Responses to information and communication of information are vital to natural selection and evolution Natural selection favors innate and learned behaviors that increase survival and reproductive fitness. –Example – parent and offspring interactions, migration, courtship/mating behaviors, foraging in bees, avoidance behaviors to poisons
Responses to information and communication of information are vital to natural selection and evolution Cooperative behavior tends to increase the fitness of the individual and the survival of the population –Examples – pack behavior, herd/schooling behavior, predator warning –Excludes details of various communications and community behavioral systems
Big Idea 4 – Complex Interactions of Biological Systems E.U.4A – Interactions within biological systems lead to complex properties –“the whole is greater than the sum of its parts”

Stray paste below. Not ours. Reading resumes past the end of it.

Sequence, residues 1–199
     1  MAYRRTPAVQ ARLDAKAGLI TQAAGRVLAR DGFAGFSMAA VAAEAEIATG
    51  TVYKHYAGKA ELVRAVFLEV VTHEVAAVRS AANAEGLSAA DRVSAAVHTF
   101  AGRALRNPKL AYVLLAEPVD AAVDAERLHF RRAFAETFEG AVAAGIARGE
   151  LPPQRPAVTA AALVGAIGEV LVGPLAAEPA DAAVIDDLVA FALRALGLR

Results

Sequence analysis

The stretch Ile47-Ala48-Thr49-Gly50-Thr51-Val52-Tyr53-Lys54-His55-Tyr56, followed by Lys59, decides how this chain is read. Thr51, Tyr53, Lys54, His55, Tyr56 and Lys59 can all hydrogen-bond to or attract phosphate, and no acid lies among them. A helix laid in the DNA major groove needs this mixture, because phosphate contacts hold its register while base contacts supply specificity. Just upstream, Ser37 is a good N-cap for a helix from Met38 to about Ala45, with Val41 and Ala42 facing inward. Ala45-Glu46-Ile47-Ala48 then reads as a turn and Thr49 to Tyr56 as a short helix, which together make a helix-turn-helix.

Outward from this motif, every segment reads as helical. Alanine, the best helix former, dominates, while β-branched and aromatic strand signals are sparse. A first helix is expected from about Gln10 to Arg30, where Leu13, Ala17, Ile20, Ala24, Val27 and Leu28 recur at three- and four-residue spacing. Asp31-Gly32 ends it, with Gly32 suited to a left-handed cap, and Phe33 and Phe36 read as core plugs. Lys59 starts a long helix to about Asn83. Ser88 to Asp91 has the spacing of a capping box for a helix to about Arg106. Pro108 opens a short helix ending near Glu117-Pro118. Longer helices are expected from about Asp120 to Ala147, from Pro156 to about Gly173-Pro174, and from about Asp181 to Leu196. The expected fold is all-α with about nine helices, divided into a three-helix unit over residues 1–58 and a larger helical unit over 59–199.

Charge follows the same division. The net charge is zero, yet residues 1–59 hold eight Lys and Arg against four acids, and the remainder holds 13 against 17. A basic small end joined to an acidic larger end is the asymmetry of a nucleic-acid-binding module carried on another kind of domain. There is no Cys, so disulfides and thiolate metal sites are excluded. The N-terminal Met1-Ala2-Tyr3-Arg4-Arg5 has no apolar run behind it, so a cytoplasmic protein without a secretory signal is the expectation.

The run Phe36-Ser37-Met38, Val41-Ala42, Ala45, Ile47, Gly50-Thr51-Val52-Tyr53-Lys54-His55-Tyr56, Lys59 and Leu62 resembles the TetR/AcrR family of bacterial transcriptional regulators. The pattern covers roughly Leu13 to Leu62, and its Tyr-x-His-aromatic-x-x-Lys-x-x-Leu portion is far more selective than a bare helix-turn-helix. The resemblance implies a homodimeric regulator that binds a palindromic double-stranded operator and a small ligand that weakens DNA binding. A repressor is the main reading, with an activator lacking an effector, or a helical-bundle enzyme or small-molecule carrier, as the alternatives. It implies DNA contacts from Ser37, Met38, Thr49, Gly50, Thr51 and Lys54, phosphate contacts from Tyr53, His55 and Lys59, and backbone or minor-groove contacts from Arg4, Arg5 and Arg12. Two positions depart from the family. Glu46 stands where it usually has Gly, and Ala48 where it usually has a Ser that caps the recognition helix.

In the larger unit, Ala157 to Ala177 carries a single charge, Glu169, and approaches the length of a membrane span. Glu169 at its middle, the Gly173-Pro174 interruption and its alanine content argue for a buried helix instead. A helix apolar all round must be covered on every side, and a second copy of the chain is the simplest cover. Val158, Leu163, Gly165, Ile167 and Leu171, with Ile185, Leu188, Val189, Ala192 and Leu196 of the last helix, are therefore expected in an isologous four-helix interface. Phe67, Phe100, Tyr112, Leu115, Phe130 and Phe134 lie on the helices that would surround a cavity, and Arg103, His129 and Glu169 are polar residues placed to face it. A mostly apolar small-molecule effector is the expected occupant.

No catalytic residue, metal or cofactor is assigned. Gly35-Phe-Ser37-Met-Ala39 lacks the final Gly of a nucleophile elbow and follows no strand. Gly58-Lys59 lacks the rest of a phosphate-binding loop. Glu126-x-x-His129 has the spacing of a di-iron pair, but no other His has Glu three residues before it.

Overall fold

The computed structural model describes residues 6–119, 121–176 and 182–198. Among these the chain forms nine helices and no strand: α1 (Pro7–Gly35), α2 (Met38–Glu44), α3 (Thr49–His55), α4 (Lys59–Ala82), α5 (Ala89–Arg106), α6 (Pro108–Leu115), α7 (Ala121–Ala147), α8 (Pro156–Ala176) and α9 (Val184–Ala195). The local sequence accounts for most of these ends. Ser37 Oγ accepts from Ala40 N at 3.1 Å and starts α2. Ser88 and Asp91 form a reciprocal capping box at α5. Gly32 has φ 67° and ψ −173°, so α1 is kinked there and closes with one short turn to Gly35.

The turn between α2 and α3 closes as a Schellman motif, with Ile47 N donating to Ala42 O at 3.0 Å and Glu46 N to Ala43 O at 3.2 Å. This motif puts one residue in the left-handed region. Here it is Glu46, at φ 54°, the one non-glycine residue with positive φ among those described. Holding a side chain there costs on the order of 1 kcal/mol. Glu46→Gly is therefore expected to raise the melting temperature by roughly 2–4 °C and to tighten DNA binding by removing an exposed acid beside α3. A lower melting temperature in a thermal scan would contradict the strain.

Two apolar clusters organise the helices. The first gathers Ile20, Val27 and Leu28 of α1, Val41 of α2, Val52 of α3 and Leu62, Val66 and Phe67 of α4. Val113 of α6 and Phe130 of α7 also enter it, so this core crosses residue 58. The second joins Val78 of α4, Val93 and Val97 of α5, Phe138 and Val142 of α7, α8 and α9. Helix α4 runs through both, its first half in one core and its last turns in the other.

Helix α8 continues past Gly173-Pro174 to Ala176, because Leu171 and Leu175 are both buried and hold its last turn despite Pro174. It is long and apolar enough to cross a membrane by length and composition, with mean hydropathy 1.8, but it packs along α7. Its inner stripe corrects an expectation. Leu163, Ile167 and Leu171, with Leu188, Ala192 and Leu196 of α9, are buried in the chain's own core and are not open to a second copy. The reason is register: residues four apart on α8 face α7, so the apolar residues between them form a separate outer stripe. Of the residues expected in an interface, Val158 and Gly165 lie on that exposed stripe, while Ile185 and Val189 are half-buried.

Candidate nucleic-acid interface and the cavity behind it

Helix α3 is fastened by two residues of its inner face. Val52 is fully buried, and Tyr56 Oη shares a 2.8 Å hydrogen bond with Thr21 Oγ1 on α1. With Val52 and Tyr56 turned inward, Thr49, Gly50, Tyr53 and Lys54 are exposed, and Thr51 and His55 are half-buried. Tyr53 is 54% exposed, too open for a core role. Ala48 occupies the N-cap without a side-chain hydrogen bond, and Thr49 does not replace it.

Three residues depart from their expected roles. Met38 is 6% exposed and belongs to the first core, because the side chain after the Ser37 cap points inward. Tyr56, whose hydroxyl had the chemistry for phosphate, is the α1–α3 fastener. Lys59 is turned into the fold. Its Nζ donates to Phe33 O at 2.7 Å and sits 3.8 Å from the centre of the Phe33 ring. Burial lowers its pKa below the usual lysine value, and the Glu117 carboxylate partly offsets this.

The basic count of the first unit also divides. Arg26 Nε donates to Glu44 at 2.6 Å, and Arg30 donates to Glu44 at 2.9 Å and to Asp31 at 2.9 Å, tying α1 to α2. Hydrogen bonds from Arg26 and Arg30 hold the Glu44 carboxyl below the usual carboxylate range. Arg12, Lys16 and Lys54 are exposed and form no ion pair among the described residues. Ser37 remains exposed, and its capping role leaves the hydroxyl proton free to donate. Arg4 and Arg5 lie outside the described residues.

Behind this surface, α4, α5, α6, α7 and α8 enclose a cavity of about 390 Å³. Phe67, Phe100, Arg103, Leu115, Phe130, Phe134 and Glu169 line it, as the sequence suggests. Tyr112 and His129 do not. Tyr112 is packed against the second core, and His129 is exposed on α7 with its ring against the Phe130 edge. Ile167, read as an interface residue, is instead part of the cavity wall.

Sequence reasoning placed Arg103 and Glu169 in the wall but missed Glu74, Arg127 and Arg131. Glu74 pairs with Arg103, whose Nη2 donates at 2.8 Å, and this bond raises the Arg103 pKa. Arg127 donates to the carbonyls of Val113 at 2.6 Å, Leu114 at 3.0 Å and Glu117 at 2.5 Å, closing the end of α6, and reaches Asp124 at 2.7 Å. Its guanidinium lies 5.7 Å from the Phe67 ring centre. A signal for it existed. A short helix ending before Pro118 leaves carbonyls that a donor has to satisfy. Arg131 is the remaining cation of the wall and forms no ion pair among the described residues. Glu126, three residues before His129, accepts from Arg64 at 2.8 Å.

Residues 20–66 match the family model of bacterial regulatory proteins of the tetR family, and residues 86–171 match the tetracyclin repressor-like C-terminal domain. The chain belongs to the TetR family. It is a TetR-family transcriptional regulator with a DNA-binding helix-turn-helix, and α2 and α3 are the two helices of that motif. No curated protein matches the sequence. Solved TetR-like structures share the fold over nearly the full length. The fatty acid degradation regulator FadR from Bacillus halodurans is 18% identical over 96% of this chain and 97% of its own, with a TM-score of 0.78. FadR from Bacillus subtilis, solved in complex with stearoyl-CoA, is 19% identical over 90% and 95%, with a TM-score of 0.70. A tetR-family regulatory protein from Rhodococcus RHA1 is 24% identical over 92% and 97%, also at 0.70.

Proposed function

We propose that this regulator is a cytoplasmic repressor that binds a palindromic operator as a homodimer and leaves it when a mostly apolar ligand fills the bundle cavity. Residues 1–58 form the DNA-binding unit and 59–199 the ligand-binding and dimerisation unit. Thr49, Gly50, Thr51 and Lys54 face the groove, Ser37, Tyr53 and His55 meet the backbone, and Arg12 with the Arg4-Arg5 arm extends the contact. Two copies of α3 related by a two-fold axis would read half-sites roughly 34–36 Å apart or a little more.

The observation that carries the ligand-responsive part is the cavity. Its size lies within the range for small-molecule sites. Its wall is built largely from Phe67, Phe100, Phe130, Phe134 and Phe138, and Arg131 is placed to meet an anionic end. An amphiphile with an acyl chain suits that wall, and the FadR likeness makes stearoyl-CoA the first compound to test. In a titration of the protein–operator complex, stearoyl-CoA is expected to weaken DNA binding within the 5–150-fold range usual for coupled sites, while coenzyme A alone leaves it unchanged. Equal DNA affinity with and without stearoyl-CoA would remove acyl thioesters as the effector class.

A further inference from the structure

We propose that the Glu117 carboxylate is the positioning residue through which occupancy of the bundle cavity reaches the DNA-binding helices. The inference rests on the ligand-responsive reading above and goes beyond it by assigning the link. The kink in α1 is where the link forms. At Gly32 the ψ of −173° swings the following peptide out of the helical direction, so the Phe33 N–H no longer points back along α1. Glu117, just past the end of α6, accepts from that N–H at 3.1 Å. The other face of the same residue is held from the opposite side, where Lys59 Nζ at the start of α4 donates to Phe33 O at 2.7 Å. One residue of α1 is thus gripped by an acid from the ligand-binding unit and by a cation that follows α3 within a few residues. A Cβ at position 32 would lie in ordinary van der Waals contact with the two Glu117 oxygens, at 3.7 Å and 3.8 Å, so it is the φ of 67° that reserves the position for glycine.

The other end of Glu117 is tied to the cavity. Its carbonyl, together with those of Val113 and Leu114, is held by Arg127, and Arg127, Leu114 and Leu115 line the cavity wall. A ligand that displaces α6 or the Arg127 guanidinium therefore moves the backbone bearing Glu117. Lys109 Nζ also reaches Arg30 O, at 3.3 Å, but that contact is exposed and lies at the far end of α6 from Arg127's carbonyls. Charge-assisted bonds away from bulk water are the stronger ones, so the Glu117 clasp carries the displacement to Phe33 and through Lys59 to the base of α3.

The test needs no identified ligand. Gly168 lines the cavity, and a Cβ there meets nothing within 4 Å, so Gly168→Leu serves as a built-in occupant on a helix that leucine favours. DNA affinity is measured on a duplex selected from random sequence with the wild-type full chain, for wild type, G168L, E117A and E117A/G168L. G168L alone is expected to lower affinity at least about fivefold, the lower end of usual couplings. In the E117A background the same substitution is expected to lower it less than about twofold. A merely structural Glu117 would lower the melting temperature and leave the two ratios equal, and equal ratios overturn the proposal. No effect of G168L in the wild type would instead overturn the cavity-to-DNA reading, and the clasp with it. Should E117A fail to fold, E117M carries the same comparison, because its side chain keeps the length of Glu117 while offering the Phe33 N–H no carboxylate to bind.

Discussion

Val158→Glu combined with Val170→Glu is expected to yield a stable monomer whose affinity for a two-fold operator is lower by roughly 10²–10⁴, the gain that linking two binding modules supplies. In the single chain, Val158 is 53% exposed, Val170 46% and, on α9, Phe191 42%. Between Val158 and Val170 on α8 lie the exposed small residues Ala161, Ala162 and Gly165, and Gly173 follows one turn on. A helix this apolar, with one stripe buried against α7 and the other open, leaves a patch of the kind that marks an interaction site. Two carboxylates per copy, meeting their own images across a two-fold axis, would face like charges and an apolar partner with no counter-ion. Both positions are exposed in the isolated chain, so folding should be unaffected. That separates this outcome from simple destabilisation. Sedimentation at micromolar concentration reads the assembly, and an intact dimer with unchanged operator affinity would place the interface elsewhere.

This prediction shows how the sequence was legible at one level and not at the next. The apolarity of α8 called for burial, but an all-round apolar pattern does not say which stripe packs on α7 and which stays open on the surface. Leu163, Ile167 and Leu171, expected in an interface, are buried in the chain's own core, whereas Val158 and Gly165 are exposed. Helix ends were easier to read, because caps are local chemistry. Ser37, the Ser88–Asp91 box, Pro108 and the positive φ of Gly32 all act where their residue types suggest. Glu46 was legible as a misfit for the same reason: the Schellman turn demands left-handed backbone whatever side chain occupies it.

4.A.5 – Communities are composed of populations of organisms that interact in complex ways. The structure of a community is measured and described in terms of species composition and species diversity
4.A.5 – Communities are composed of populations of organisms that interact in complex ways. Mathematical or computer models are used to illustrate and investigate population interactions within and environmental impacts on a community. –Examples – predator/prey relationships spreadsheet model, symbiotic relationship, graphical representation of data, introduction of species, global climate change models L.O.4.11, 4.12, 4.13 Show drawing of predator/prey population curves and how to find lag time
4.A.5 – Communities are composed of populations of organisms that interact in complex ways. Mathematical models and graphical representations are used to illustrate population growth patterns and interactions 1.Reproduction without constraints results in the exponential growth of a population. 2.A population can produce a density of individuals that exceeds the system’s resource availability. 3.As limits to growth due to density-dependent and density-independent factors are imposed, a logistic growth model generally ensues. 4.Demographics data with respect to age distributions and fecundity can be used to study human populations.